Continuous positive airway pressure (CPAP) is the treatment most often used to treat OSA in adults. It is a device which blows air through your nose into the back of your throat to help maintain the airway while you sleep. It basically allows you to breathe like you normally do during the day. Snoring is completely eliminated. The air is delivered through a small hose attached to a mask worn over or under the nose. The right amount of air pressure necessary is different for each person. An overnight CPAP study will determine what level is right for you. CPAP masks and devices have greatly improved over the years, and most people get adjusted to treatment within 1-2 weeks. However, we work very closely with our patients during this process at Dallas Sleep. After a careful observation period over the first month, most patients are comfortable sleeping with CPAP. In fact, many patients notice sleeping better and feeling much better after just 2-3 weeks of treatment. The feelings of unrefreshing sleep, fatigue, irritability, headaches and dry mouth can be reversed very quickly. We initially recommend a trial of CPAP for just 2 months. If it works well for you, both you and we will know it. If it doesn't seem to help much, we will gladly help you find a different alternative for treatment.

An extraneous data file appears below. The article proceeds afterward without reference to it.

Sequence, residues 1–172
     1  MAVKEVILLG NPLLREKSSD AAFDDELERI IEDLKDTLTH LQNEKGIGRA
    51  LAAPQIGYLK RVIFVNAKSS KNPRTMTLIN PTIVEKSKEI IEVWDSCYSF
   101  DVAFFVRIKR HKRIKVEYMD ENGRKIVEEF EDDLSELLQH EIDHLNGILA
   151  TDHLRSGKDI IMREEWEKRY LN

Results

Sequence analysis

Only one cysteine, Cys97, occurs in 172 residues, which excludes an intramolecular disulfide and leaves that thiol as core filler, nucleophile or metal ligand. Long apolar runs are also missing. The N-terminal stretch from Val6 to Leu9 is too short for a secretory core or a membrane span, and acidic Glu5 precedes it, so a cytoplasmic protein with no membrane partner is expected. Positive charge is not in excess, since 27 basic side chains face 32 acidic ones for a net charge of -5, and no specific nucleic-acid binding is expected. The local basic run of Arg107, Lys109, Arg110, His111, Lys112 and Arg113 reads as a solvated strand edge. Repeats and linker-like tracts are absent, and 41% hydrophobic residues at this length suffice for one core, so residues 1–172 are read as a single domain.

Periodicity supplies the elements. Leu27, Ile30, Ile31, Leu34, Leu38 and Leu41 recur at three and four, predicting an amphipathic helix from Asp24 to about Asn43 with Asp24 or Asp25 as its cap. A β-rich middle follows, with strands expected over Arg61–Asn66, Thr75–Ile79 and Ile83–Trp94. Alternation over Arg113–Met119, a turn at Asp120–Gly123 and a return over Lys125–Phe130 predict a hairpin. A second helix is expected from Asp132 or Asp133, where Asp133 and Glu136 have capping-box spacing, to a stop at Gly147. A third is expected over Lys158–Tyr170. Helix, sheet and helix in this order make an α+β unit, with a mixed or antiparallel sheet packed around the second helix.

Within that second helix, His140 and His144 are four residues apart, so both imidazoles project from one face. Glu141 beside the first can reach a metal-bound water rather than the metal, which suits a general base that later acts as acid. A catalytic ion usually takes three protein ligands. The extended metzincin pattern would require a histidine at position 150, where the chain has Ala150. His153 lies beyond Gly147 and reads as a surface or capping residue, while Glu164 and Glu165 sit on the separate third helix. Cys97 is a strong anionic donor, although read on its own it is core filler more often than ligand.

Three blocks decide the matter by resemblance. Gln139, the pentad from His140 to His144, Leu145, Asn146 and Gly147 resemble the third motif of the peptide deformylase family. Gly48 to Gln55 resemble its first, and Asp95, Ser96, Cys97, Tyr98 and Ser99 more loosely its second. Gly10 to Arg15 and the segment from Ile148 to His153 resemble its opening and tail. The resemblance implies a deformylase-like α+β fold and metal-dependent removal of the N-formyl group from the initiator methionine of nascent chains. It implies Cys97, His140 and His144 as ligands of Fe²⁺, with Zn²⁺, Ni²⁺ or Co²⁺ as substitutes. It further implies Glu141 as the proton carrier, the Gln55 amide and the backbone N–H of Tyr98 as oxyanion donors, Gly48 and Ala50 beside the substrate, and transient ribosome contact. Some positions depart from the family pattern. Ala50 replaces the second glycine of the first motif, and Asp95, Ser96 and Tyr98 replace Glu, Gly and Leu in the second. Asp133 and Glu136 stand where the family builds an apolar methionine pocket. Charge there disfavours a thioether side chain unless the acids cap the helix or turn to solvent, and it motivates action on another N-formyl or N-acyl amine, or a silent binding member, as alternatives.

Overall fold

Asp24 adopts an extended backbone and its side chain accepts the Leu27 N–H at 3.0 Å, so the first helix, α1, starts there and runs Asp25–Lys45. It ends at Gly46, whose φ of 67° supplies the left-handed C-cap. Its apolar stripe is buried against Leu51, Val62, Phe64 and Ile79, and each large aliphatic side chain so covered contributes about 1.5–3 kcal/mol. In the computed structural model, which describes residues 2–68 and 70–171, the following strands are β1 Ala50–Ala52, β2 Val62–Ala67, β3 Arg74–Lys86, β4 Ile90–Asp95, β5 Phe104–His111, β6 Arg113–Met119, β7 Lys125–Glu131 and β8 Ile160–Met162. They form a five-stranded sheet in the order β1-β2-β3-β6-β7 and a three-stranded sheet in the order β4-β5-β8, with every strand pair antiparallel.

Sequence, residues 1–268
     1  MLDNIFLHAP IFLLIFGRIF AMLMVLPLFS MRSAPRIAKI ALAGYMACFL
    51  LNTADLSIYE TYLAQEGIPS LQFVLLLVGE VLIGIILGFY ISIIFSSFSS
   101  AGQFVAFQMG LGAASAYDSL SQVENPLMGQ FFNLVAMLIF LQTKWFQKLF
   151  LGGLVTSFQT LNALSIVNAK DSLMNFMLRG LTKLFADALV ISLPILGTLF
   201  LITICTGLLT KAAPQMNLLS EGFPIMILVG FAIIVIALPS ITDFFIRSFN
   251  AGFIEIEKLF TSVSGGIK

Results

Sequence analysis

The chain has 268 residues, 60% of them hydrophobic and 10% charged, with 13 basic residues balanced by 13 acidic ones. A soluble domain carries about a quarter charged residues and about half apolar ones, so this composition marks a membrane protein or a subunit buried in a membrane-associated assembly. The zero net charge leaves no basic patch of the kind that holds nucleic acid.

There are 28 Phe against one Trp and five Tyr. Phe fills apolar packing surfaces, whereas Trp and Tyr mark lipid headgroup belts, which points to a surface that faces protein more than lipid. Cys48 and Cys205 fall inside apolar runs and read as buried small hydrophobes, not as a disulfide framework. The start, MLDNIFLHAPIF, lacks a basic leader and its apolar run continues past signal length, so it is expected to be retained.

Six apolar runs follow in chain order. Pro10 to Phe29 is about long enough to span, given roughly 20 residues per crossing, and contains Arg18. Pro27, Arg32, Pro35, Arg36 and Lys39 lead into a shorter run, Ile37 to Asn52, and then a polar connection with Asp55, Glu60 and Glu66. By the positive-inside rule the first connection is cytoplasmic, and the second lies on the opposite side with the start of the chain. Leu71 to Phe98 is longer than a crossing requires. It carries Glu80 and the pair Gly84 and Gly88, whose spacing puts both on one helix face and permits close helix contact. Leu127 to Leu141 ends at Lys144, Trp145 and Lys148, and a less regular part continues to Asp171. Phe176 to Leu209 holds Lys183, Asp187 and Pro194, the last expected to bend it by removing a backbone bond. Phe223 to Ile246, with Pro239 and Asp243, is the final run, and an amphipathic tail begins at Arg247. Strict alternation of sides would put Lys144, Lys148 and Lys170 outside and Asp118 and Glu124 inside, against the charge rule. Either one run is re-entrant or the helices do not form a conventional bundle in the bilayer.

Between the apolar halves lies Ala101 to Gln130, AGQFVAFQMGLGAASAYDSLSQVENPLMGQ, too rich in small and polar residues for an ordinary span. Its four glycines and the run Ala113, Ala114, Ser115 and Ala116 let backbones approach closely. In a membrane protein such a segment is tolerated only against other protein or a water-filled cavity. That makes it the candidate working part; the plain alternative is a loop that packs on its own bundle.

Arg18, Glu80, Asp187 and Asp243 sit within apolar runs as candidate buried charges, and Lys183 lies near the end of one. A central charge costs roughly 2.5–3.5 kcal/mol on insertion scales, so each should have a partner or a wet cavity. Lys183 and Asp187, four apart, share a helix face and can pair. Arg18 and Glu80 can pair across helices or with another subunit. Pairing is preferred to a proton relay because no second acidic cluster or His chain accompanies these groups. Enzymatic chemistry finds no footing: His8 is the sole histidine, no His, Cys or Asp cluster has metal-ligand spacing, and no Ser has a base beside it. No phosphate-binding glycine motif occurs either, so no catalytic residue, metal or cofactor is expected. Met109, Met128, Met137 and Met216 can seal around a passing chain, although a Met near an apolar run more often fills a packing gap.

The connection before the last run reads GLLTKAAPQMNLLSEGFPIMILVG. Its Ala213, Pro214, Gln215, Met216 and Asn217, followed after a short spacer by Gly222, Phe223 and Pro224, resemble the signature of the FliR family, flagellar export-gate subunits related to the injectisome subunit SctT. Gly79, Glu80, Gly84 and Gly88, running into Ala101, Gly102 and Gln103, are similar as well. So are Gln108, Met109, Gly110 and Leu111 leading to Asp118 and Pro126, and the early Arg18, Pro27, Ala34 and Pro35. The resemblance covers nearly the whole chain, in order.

Another viable sleep apnea treatment option that's growing in popularity is oral appliance therapy. An oral appliance looks a little like a mouthguard or retainer, but works to open the airway by advancing the mandible (jaw) during sleep. This adjustment can help treat patients with mild to moderate sleep apnea by preventing the tongue and soft tissues from obstructing the airway.
The American Academy of Sleep Medicine does not recommend over the counter oral devices to treat sleep apnea. Oral appliances must be custom fitted to suit the needs of individual patients. OAT is most beneficial and effective when your sleep health physician and team collaborates with a dental health expert to fit your device.